• Graham's daughter, Anne Graham Lotz, a Raleigh-based evangelist, has just released an updated version of her 2001 book, “Heaven: My Father’s House.”
  • And Franklin Graham, head of the Charlotte-based Billy Graham Evangelistic Association, begins his article in the current edition of BGEA's  Decision magazine this way: “Heaven is not for cowards!”
  • That brings us to hell: The cover of the July/August edition of Decision features a picture of what looks like a sea of lava and this headline: “COWARDS Destined For The Lake of Fire.”
  • Speaking of hell, there’s no word about Billy Graham's next book, which – as we reported in March – will be about hell. “He’s not able to work on it,” Franklin Graham told me then. “But he gave us the outlines of what he wanted.”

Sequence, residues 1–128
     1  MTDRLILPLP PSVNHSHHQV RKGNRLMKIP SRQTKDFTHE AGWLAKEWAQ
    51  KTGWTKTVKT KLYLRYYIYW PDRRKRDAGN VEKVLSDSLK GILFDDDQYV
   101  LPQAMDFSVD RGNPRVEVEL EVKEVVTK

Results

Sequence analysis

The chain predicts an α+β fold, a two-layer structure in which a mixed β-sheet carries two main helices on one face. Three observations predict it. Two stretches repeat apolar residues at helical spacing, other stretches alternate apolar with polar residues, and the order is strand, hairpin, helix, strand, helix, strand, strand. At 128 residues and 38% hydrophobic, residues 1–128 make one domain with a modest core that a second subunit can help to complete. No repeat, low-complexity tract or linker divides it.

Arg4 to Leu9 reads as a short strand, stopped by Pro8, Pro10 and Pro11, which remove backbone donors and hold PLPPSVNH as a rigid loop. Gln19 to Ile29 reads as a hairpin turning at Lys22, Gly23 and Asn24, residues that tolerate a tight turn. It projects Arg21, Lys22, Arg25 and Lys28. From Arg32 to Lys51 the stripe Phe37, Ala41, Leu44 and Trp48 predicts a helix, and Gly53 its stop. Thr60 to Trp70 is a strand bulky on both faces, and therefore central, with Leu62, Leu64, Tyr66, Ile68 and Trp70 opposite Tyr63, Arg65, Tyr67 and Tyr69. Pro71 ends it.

Last November, on his 95th birthday, Billy Graham talked about the cross of Jesus in a DVD called “My Hope 2013 with Billy Graham.” It was aired on FOX News, at Graham's celebrity-studded birthday party at the Grove Park Inn in Asheville, and in homes and churches around the country.

In the free-of-charge sequel, which will also be used as an evangelizing tool, the elder Graham will talk about heaven.

“Because he will turn 96 on November 7, his thoughts are constantly on Heaven,” Franklin Graham wrote recently. “And we have captured these in a video. ... It’s a powerful evangelistic film that weaves this new message from my father around several real-life stories of how the Gospel changes hearts.”

There’s a full-page ad for “My Hope 2014 with Billy Graham” in that current edition of “Decision.”